A. Stand4 [part of the first class] recently launched. They have a platform that is going to help foundations and corporations leverage their marketing dollars through their employees who want to take a “stand for” a nonprofit organization. It’s a pretty cool company. It is trying to raise a Series A of $4 million to $6 million. Stand4 was the first TR company to receive angel funding — half a million.
Bedabox [also part of the first class], a startup that simplifies shopping and shipping outside the country, is growing by leaps and bounds. They have about $3 million in the pipeline and are ready to expand.
And in this vintage, there is HonorLock, which has cloud-based solutions to curb academic dishonesty. We’re doing a beta test in the classroom. You have these startups, and the university is a testing ground. That’s really cool.
Tone-y-Bands, Candidate.Guru and TightTalk Electronics are also part of the second vintage.
Q. What kind of companies do you look for to potentially accept into Tech Runway?
A. We are not industry-specific; we do align the mentors as subject matter experts. If we do not have a mentor with expertise, we will locate someone relevant to support the startup’s needs.
Q. What advice do you have for entrepreneurs thinking about applying to Tech Runway?
A. A great way to become acclimated to the program is to participate in activities and events hosted at Tech Runway. Meeting the TR entrepreneurs is a great way to become familiar with the requirements.
The next open application period starts at the end of July [information on techrunway.fau.edu]. The application requirements include a business plan, pitch deck and three letters of recommendation. If you make it through the initial screening round and are interviewed, remember to be “coachable.”
Q. How many mentors do you have, and how are they involved?
A. We have a total of 50 mentors that will be available starting in August. Our website will be updated once we finish the interview and training process.
Q. In regards to your physical space, what do you have left to do in buildout, and what is your vision for full buildout?
A. Currently, we are doing a charrette with entrepreneurs, students, board members, faculty and expert designers to determine the best use of space. The space will incorporate classrooms and event space with the latest technology, conference rooms, startup collaborative workspace, a food “hub” and maker space. We anticipate two phases and will require private funding.
Q. Bigger picture: How do you think our South Florida ecosystem is progressing?
A. The ecosystem is progressing in a positive way. There are many organizations and efforts in support of the entrepreneur. eMerge Americas has really put South Florida on the map in recent years. FAU’s president, leadership team and trustees are in full support of a new strategic plan that believes entrepreneurship is a platform and will touch every student on campus. These are big initiatives that are impactful and will create a runway for years into the future. When I began, these collective visions did not exist.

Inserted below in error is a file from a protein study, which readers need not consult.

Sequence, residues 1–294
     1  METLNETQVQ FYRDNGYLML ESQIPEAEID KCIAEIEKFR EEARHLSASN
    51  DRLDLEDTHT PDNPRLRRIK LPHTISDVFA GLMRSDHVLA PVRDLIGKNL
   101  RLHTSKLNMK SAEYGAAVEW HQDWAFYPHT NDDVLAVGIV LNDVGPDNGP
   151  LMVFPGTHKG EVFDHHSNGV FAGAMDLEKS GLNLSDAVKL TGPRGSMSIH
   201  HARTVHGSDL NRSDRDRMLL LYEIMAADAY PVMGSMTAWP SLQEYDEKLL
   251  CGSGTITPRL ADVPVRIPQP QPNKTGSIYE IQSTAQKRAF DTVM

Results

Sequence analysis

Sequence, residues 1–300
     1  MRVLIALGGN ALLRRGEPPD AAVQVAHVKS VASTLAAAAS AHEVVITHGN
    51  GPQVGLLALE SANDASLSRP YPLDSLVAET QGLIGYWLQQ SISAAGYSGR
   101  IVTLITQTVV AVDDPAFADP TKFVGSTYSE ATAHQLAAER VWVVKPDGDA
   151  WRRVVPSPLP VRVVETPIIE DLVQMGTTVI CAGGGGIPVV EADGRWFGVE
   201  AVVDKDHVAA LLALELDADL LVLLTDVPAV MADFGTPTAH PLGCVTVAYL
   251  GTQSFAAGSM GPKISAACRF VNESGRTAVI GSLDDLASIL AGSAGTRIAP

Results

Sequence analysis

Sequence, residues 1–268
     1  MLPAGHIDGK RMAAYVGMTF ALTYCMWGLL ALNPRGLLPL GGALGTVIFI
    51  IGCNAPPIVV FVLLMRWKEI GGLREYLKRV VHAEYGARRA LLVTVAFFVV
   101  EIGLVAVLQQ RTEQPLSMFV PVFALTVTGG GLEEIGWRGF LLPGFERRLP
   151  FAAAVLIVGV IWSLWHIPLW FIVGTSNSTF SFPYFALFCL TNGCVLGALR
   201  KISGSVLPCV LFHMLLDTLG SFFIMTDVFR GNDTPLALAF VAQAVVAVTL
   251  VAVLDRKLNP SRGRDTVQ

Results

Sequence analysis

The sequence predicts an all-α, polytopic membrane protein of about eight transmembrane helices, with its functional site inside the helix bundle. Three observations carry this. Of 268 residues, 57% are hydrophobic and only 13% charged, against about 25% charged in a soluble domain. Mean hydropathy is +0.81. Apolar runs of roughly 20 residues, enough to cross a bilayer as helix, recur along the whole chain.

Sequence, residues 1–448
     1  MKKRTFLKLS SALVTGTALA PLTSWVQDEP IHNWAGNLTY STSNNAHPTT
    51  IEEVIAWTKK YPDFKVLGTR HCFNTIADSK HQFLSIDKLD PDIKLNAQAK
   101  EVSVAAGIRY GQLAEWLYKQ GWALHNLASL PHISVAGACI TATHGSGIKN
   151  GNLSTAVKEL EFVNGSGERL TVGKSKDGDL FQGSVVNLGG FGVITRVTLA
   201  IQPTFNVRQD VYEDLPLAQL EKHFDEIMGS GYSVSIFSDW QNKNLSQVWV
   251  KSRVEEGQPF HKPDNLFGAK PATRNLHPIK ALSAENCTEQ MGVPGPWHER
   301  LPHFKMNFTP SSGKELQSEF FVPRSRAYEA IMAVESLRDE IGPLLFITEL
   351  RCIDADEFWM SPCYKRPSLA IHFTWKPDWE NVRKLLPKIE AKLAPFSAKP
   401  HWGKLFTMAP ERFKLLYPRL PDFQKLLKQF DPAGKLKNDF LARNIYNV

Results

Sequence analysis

I think the exposure South Florida is getting for being entrepreneurial is really special. I have been doing this six years, and when I look back to year one versus the last couple of years, there is a lot to be excited about. There is still a lot to do, but leadership has really taken notice about the type of resources and integration that we need across the three counties. It’s a heavy lift, and we are still really early in our development, but Tech Runway could not have been done without the support of the community standing up and championing for us.
Q. What would you like to see going forward?
A. What I’d like to see is further development of an angel network here in the community. I’d also like to see more corporate foundation support within our service region for startup programs. There is money here, but what we need to do is help the money learn or be a part of creating the environment to invest in startups in South Florida. If we can figure out that mechanism in the next year, that opens doorways that could really help us and the startup community.
South Florida really needs more private stakeholders increasing their investment in housing, education, mentoring, funding programs and infrastructure to support entrepreneurial activities at all ages.
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Titles: Associate vice president, FAU Tech Runway, and director of the Adams Center for Entrepreneurship, Florida Atlantic University. She is co-founder and chief entrepreneur officer of Tech Runway, a South Florida public-private partnership formed to foster technology startups, whether they are founded by students or faculty of members of the community.
Experience: Prior to joining the Adams Center, Gramm was assistant dean in the College of Business at FAU, and before that her professional experience included leading corporate market strategy and business development for UPS.
Education: MBA in finance, University of Tampa; bachelor’s of science in marketing, University of South Florida.
Organizations and boards: YMCA of South Palm Beach Board of Trustees, Greater Boca Raton Chamber of Commerce, Gold Coast Venture Capital Association board member, FAU College of Business Board.
Best advice received: There will always be a reason why you meet people. Either you need to change your life, or you’re the one that’ll change theirs.
Favorite pastime: Long runs on the beach.